As we noted in the Trends in Server Compute 2017 overview piece, NVIDIA is poised to have a great year. The push towards AI/ machine learning is largely built upon NVIDIA GPUs. NVIDIA is finding willing partners with POWER and others looking to break Intel’s stranglehold on the data center. We have certainly seen great interest in machine learning and have been aggressively gearing the DemoEval lab to take advantage of the trend.
NVIDIA Volta – Get Ready
It is little secret that the P100’s found in the NVIDIA DGX-1 are in short supply. We have heard IBM POWER plus NVIDIA and NVLINK with some HPC wins but the P100 is in short supply. In 2017 we expect to see Volta and it is little secret that NVIDIA is in the driver’s seat for future IT spend as companies look to add AI/ deep learning capabilities. Companies are going to pay top dollar for Volta. In a perfect world (for NVIDIA) it would not have a strong AMD competitor on the graphics side and would be able to save Volta purely for the data center. We do expect that NVIDIA is going to have another iteration on getting top dollar for high-end Volta supply learning from the Pascal supply struggle.
With that said, NVIDIA is still going to be straddling a fine line. The company has been trying to get these AI workloads onto Tesla cards where they can earn a higher margin. At the same time, the company’s biggest asset is that you can get started with CUDA using a consumer GPU and have a lot more capability than using a starter x86 Intel system. With AMD in play, NVIDIA does need to keep is traditional GPU business refreshed with new chips but the big money and margin is in the data center. With the company supply constrained in the Pascal generation, Volta is either going to be a great opportunity or a supply chain nightmare.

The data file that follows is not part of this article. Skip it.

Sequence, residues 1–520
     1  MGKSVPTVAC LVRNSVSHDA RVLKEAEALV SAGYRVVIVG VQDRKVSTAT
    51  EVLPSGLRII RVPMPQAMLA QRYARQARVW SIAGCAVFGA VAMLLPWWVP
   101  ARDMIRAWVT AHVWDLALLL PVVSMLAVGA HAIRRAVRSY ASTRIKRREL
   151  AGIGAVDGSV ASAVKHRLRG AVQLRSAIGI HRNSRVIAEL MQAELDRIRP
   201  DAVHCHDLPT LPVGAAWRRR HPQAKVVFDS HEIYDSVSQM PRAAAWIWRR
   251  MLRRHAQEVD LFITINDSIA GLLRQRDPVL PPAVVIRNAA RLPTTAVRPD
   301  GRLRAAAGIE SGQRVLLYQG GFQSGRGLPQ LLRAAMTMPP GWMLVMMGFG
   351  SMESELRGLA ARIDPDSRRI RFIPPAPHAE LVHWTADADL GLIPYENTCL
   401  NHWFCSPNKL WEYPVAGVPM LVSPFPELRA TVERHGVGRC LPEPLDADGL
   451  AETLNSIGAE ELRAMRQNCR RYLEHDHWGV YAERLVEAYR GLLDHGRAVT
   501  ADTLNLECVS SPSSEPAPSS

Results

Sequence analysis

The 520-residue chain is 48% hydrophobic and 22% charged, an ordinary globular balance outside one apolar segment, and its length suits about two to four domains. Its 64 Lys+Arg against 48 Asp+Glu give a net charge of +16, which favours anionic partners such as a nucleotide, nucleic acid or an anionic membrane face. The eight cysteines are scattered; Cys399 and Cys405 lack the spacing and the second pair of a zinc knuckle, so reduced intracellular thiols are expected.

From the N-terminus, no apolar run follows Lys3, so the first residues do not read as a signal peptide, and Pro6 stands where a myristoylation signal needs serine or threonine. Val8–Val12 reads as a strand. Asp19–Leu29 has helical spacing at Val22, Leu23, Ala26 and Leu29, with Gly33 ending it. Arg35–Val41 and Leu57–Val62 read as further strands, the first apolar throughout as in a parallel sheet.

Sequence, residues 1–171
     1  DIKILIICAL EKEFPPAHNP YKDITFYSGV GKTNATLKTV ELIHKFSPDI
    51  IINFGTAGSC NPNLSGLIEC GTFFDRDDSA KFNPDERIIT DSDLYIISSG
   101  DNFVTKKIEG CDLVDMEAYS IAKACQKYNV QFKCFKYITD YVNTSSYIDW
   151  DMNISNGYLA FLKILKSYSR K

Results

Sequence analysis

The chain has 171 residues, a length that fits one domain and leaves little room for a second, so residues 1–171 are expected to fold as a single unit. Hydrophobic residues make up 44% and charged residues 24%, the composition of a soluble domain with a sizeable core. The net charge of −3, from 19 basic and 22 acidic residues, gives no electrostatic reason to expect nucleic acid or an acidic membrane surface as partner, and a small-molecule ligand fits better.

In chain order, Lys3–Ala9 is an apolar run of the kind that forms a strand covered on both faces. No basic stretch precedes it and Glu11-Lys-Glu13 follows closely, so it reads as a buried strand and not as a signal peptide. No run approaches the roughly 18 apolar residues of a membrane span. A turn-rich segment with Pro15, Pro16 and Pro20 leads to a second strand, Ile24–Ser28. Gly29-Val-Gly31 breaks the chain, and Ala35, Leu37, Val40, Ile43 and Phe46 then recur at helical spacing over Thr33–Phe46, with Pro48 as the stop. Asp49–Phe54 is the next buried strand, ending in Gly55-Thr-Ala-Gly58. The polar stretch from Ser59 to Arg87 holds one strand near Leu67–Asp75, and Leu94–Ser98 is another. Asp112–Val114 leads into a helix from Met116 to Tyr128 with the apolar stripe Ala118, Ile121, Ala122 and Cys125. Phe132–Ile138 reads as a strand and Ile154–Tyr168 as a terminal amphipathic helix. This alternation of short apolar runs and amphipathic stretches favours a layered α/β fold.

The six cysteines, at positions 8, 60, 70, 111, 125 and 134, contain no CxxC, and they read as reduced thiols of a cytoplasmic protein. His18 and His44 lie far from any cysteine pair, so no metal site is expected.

We are also keen to point out that NVIDIA is racing to push its technology by large multiples per generation. Intel has not kept pace but is surely aware that if it wants to keep NVIDIA at bay, it will need to re-ignite the innovation engine on the CPU side. Knights Landing is perhaps a step in that direction.
The big question for NVIDIA is what else can it do? AMD is going to be much stronger with Zen in 2017 on the CPU side and will be able to offer CPU + GPU. Intel will be able to offer CPU, many core (KNL), FPGA, and high-speed interconnect. NVIDIA is playing in a very narrow market. We thought Jetson TX1 and TK1 would be harbingers for things to come on the data center side, but the idea of an ARM-based NVIDIA CPU along with GPU cores is in dire need of a refresh.
We may very well see the company try to own the AI inference market with a next-generation ARMv8 SoC that bundles newer GPU architectures but it seems as though focus in that area has been in the automotive space.
Strategically, NVIDIA’s share price is very high so if it did want to make a move it is likely going to be an acquirer. On the flip side, it has marketed itself as the GPU solution you plug into other systems (Intel, POWER, ARM) so moving to fill in the CPU space will surely help ensure it loses a partner in the process.
One thing is clear, entering 2017 NVIDIA has a lot of momentum and opportunity. The question then becomes how will the company ensure it can take an even bigger part of the data center pie while managing potential channel conflicts.